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Iran Ups Reward for Death of Salman Rushdie after Anti-Islam Muhammad Film: Now USD 3.3 Million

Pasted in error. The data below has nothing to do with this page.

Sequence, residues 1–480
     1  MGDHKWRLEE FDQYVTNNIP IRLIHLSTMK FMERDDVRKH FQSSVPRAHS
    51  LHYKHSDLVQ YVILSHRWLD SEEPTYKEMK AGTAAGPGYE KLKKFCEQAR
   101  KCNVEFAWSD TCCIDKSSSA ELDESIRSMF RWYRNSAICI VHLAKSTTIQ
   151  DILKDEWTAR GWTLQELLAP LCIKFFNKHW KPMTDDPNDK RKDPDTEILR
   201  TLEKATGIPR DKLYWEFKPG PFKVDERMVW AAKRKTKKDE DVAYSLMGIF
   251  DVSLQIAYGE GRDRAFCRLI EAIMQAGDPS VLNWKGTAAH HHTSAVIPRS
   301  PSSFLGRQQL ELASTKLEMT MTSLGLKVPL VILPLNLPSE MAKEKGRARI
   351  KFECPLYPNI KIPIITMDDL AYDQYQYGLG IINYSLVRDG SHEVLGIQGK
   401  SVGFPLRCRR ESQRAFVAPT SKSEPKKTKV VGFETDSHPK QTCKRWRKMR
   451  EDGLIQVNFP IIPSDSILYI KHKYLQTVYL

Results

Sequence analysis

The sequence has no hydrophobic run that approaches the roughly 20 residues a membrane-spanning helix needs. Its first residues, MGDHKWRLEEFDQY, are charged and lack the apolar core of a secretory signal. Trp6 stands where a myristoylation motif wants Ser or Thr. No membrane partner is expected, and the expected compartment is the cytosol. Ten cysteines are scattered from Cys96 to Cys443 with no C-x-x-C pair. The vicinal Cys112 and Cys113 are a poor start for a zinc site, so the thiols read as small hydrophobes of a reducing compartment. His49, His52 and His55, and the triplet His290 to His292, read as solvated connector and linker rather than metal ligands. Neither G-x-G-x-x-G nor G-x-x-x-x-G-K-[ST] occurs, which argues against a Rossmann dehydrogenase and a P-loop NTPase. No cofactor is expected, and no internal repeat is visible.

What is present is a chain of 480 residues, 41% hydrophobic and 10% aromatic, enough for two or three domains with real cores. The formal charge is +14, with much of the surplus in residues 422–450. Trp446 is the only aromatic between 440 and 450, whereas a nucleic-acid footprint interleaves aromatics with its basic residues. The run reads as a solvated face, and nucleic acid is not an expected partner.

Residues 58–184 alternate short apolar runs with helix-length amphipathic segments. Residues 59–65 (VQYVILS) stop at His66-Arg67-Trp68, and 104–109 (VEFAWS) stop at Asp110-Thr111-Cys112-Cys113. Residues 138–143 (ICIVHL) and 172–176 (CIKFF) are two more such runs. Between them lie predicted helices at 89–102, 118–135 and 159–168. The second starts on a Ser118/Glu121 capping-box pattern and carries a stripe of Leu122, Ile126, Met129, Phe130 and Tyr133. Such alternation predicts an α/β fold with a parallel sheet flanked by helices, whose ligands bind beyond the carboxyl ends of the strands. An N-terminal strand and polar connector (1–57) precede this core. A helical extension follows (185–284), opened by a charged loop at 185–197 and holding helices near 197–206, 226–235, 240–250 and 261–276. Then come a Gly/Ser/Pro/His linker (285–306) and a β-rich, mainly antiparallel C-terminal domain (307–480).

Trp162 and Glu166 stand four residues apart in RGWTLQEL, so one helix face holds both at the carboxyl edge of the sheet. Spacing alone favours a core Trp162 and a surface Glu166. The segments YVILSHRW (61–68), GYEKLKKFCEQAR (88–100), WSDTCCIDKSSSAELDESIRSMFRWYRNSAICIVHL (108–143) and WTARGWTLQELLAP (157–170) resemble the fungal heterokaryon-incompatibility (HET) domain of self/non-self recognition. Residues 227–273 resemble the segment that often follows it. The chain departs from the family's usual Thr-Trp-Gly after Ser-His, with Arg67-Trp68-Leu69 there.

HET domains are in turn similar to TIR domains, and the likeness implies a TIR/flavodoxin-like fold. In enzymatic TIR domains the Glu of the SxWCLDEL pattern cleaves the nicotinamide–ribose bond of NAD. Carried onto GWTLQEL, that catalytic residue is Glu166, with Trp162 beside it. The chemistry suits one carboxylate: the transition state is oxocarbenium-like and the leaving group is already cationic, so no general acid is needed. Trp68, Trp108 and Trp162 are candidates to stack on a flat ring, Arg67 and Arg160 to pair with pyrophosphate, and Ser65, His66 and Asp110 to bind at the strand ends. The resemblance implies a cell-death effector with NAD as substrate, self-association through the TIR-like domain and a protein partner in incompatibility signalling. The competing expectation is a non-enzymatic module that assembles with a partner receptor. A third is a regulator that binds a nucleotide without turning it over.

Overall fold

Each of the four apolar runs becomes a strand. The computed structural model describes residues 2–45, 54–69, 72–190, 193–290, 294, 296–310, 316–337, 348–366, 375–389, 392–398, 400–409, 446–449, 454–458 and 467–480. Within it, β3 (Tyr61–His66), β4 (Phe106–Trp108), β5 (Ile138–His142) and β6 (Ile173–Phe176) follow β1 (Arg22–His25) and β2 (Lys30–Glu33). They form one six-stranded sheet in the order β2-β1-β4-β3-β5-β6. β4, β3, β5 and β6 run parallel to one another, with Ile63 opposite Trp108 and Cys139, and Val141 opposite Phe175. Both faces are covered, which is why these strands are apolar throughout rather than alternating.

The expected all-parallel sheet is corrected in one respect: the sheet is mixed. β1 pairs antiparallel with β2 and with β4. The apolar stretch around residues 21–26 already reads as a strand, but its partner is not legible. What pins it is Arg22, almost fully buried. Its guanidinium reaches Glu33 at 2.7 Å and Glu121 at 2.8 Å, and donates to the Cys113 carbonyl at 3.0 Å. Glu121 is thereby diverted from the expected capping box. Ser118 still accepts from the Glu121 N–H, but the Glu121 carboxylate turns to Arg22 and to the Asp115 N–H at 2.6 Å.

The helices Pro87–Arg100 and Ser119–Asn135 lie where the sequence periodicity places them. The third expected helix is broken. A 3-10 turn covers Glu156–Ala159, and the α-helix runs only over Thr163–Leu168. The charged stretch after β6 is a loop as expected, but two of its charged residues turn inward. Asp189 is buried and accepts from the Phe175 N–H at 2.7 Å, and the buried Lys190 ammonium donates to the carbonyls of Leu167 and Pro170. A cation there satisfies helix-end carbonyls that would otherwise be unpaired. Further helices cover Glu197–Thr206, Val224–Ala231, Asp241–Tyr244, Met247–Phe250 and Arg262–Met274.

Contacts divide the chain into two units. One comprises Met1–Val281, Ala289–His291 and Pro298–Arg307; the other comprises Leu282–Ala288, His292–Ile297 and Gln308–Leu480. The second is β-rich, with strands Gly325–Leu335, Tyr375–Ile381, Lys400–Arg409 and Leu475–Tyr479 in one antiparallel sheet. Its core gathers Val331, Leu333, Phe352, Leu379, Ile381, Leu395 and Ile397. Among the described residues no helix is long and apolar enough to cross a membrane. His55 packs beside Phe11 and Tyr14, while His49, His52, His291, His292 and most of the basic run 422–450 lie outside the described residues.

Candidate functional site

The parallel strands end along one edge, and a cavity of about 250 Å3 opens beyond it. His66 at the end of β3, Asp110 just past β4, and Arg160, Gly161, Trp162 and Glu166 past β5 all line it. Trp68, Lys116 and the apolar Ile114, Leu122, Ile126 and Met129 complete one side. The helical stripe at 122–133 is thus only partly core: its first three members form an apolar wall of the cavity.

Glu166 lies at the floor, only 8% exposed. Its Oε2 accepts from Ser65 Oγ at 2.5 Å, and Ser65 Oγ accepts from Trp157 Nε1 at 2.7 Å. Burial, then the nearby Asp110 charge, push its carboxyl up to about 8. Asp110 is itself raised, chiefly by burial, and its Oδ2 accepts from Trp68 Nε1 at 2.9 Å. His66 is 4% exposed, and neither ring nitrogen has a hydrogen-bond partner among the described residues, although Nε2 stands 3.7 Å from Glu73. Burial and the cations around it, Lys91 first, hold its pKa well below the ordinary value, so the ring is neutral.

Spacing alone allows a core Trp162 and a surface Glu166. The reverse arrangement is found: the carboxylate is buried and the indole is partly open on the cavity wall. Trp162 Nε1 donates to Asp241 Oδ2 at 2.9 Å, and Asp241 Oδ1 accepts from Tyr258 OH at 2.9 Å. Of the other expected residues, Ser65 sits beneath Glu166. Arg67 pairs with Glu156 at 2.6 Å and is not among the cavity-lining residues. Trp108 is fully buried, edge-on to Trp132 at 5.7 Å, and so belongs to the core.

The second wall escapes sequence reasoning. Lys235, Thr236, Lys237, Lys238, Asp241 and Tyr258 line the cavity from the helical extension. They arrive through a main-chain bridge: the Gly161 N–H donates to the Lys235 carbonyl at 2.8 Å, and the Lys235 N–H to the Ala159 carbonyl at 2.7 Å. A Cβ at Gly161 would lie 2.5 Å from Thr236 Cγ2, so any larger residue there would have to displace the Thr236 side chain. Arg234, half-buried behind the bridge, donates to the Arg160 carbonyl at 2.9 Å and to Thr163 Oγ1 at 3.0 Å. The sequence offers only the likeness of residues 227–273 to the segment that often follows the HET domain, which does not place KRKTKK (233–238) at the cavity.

A semi-official religious foundation in Iran has increased a reward it had offered for the killing of British author Salman Rushdie from USD 2.8 million to USD 3.3 million, following protests throughout the Muslim world over alleged insults to the Prophet Muhammad. Hardline Iranian newspapers reported over the weekend that the move appeared to be linked to protests over an amateurish anti-Islam film, which crowds in some 20 countries said drove them to defend their faith—in some cases by attacking US embassies and killing US diplomats. The 15 Khordad Foundation will reportedly pay the higher reward to whoever acts on the 1989 fatwa, or religious edict, issued by Iran's late leader Ayatollah Ruhollah Khomeini, which called for the death of Rushdie, who wrote "The Satanic Verses", because the novel was considered blasphemous. The decision to boost the original reward, offered in the 1990s, came just a day before the US magazine The New Yorker published Rushdie's a 13-page essay, titled 'The disappeared - how the fatwa changed a writer's life.'
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